Eclipsing today’s devices that operate in the gigahertz frequency region
Researchers at University of Pittsburgh have generated a frequency comb (a slice of spectrum) with more than 100 terahertz bandwidth, eclipsing today’s devices that operate in the gigahertz frequency region.
A team of scientists report a communications breakthrough that they say could be used to speed up electronic devices by a factor of one thousand.
The University of Pittsburgh team claims to have successfully generated a frequency comb, which entails dividing a single color of light into a series of evenly spaced spectral lines for a variety of uses, that spans more than 100 terahertz (THz, or 1 trillion cycles per second) bandwidth.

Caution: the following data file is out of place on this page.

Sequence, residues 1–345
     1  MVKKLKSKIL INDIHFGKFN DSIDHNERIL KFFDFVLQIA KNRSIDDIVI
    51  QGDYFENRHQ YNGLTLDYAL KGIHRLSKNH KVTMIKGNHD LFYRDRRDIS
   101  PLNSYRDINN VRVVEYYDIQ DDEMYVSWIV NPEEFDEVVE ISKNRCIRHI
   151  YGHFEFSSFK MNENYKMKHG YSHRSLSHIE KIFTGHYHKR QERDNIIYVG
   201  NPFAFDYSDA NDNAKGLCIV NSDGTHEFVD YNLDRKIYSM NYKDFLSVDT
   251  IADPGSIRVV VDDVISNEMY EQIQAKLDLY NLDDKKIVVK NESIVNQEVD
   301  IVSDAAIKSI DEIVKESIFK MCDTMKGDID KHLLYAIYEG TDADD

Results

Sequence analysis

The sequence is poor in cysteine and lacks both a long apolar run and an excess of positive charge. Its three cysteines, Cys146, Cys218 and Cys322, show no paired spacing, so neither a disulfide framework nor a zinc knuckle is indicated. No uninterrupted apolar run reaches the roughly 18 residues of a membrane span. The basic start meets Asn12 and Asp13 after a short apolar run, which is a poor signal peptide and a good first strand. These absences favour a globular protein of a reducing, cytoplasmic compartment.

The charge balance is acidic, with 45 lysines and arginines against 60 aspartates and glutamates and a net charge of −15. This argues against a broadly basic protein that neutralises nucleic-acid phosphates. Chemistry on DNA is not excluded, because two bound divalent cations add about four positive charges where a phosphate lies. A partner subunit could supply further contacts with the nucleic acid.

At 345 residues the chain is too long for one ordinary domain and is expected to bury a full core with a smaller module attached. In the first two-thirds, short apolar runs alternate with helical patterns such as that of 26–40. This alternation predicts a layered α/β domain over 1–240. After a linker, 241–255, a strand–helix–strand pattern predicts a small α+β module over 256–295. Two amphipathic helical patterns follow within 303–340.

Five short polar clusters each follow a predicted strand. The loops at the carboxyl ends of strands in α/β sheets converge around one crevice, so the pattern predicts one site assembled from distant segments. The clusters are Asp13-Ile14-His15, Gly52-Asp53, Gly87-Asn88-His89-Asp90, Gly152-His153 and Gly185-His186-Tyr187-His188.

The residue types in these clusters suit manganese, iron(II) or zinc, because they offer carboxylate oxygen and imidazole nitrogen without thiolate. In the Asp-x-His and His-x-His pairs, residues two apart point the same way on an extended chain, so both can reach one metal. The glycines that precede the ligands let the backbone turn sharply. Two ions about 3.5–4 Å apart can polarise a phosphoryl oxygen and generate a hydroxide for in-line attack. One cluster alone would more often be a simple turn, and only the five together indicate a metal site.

Terahertz radiation is the portion of the electromagnetic spectrum between infrared and microwave light.
Hrvoje Petek, a professor of physics and chemistry at Pitt, said that this has been long-awaited discovery in the field. Petek and his team generated the all-optical frequency comb by investigating the optical properties of a silicon crystal and “exciting a coherent collective of atomic motions in a semiconductor silicon crystal” with an intense laser pulse.
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